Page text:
The real highlight of this novel has to be the author’s incredible and captivating portrayal of the infamous V2 rocket program.  Harris has clearly done his research on the subject as he does an amazing job examining all the key aspects of the program and bringing them to life.  This includes a detailed examination of the history of the project, the technical aspects of the rockets and various examinations of how they fly and what they can do.  Harris makes good use of the various flashback sequences in Graf’s chapters to examine the full fascinating history of the project, including the origins of the rockets, identifying who the key architects of the project were and how the project came to the attention of the Nazis.  This includes some compelling depictions of several major historical figures associated with the V2s, such as the project’s leader and main creative driver, Wernher von Braun, as well as several key Nazi characters who had a hand in the project in some way or another.  The author also provides the reader with an unfiltered depiction of the devastating effect that these rockets had on the inhabitants of London when they hit and he actually features several real, historical rocket strikes that occurred during the timeline of the novel, including the most devastating attack that hit London.  The depictions of the horror and the carnage that the rockets caused were really striking, especially as Harris tries to capture the psychological impact that these unstoppable and ultra-fast rockets had on the populace.  I really loved learning more about the V2 rockets and it was easily the most fascinating and captivating part of the entire book.  I especially appreciated the way in which Harris used his dual character perspectives to examine the project from the point of view of the Germans and the Allies, and it was great to see the clash of understandings and opinions about the rockets.  It was also really fascinating to learn more about the Allies’ covert attempts to identify and demolish the V2 launch sites, and this was a great addition to the novel.  All of these historical aspects are immensely enjoyable and fascinating and they add a heck of a lot to the story.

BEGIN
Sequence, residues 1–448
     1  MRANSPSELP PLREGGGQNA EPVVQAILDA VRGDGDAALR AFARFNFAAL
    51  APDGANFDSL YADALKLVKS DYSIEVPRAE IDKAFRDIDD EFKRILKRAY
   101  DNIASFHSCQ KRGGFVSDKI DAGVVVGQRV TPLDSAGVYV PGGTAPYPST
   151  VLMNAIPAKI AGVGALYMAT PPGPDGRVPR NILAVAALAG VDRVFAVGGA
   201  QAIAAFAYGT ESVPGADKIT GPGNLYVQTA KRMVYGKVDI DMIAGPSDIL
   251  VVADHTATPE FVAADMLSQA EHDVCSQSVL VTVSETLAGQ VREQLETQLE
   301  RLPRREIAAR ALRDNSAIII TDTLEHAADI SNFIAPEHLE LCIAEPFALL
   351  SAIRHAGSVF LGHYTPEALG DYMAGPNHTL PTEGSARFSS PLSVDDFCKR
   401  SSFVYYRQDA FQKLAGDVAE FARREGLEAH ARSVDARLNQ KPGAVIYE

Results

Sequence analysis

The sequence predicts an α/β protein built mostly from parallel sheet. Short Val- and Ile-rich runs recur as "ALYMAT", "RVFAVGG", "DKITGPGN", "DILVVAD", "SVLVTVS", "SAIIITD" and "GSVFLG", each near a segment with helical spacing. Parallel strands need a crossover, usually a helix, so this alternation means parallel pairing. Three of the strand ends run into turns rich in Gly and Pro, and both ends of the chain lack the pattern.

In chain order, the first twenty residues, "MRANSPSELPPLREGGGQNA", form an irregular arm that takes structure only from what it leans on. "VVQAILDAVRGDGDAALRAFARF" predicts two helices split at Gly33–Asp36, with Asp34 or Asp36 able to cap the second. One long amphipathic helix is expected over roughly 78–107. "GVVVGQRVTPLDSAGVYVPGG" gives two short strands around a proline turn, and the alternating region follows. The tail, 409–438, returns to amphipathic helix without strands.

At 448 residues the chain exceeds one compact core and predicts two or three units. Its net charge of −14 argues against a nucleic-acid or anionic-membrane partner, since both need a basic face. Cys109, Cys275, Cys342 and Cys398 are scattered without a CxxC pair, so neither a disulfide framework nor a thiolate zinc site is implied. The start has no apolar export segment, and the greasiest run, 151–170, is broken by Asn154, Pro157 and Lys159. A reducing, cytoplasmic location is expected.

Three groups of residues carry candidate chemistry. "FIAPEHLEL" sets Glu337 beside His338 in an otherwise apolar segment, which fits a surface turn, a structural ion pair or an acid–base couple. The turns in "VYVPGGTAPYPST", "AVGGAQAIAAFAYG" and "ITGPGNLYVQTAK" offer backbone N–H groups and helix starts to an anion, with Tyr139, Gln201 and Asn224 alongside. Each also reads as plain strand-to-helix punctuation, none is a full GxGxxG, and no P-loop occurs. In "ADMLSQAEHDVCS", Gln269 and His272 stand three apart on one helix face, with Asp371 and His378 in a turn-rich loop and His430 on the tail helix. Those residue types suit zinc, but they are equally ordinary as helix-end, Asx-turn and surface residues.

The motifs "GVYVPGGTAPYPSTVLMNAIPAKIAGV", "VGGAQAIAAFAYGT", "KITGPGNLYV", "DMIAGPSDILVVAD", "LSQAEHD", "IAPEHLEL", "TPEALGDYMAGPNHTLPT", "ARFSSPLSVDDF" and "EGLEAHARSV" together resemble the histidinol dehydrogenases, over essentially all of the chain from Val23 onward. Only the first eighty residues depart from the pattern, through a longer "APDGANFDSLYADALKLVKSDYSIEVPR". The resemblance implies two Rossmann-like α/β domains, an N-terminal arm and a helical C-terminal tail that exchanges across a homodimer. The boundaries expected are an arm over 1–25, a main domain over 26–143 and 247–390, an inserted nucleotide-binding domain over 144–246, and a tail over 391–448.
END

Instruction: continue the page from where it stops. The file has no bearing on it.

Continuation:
V2 by Robert Harris is a particularly clever and intriguing World War II novel that presents the reader with a fascinating and memorable examination of the infamous V2 rocket program.  Featuring a compelling story, fantastic characters and an outstanding historical focus, V2 was an awesome and captivating read that is really worth checking out.

WWW Wednesday – 9 September 2020

WWW Wednesday is a weekly meme hosted by Taking on a World of Words, where bloggers share the books that they’ve recently finished, what they are currently reading and what books they are planning to read next. Essentially you have to answer three questions (the Three Ws):

What are you currently reading?
What did you recently finish reading?
What do you think you’ll read next?

So, let’s get to it.

What are you currently reading?

To Sleep in a Sea of Stars by Christopher Paolini (Trade Paperback)